So as I sat down with a butter soaked bagel and a chilled orange juice this morning, I found my puffy, sleep crusted eyes (lovely image) staring at the TV taking in the fashion section of the fairly popular – with those who get up early enough and have nothing to do – Lorraine lifestyle show on ITV. If you have never heard of this show before you are either: not from the UK, one of those who do not have time to watch lifestyle talk shows in the morning because you’re too busy getting on with life or you don’t have a TV.
So on this show they apparently have a fashion section, where a man named Mark discusses ‘celebrity style steals’ and ‘Get Before It’s Gone’ discounted buys. Most of it was just interesting enough that I didn’t change over (although I barely had enough energy to speak, so getting the remote might have been a bit too much for me) meaning I was actually watching when I was enlightened by the Illusion dress. There were only two outfits that were deemed exciting enough to be displayed on hired models this morning. One was an interesting sleeveless top with a sheer…hmmm…extended blouse/skirt/cape thing that went down to the model’s calfs. With this one, they obviously knew that the only way they could show that this outfit wouldn’t look stupid on a real human being was by bringing in a lovely woman to show it off. The other outfit was the Illusion dress.
Mark beamed brightly as he welcomed in the show stopper, the last dress to impress the audience with his fashionista aptitude for picking the best outfits. In came a blonde grinning woman, who was actually a good representation of the common woman’s size, wearing a white and grey Illusion dress. Now it’s hard to explain what an Illusion dress looks like so I will show you:
Now unfortunately I couldn’t find the exact dress so use your imagination. This dress had the same white sides but a grey textured centre. There we go – easy!
Now before the model came out they showed the dress on screen in front of a white background. As a result, the illusion worked. BUT, on a real woman…it really doesn’t.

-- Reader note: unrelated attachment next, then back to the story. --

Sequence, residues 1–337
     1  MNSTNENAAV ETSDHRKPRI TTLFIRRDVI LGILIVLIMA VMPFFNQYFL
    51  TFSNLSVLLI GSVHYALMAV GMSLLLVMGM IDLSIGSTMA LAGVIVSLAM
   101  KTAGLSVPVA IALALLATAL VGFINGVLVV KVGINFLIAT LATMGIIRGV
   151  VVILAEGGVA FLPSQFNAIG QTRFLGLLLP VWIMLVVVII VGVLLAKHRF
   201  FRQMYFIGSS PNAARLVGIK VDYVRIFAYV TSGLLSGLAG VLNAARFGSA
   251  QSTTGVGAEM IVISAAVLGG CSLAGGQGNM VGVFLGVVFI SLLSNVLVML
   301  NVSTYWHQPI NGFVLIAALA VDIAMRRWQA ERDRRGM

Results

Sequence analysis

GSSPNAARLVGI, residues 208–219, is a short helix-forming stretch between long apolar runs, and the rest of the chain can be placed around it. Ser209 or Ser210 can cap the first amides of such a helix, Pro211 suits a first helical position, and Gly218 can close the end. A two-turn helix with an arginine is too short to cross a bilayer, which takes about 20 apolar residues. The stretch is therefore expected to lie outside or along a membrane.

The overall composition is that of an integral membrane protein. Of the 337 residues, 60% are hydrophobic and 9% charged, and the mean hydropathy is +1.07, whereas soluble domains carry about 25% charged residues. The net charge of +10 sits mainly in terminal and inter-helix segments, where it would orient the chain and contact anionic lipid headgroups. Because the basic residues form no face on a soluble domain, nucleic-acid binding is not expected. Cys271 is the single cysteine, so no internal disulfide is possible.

As Mark went on about the startling success of this optical trick, all I could notice was…well…the rest of the woman’s body. Like the arms and legs that sprouted out of the white ‘nothingness’ and the obvious outline of the supposedly absent part of her body. I mean of course it obviously wouldn’t be a perfect optical illusion, but if that’s the case then in my opinion they shouldn’t have even made them. There is no point in buying a dress that is meant to make you sport a different shape when the only time it comes close to working is when you’re in a nightclub where you can barely see and suffering from drunk squinty eye.
And I felt sorry for the model when Mark declared it gave the wearer the ‘perfect shape’, because she looked pretty healthy and toned to me and yet she still didn’t quite make it into Mark’s ‘perfect shape’ category. Of course, Mark is just a spokesperson in this situation who should have really thought before subtly insulting all the women who aren’t the clothing department’s mannequins, in the room. Think of it like this, those novelty macho t-shirts:
Imagine the chest image blocked out in white or black with a white background. I am fooled by that bare, muscular chest! His hips are clearly that narrow!
It just all seemed very stupid to me.
Now people can buy what they want, it’s a free world and I don’t ever want to police what people wear. I’m the sort of person who goes out rocking the androgynous look with a flare of fantasy and goth. In my opinion making fun of what someone is wearing is just being an asshole because you want to win laughs and popularity. Clothing is a way of self-expression. BUT I don’t have a problem with commenting on whether something does what it’s supposed to and the designers thinking behind it.
So that’s all for now and thank you for my first like from Atreya Thomas who writes about spiritual enlightenment. Not too sure why he crossed paths with my shittylittleblog but I’m happy for it all the same.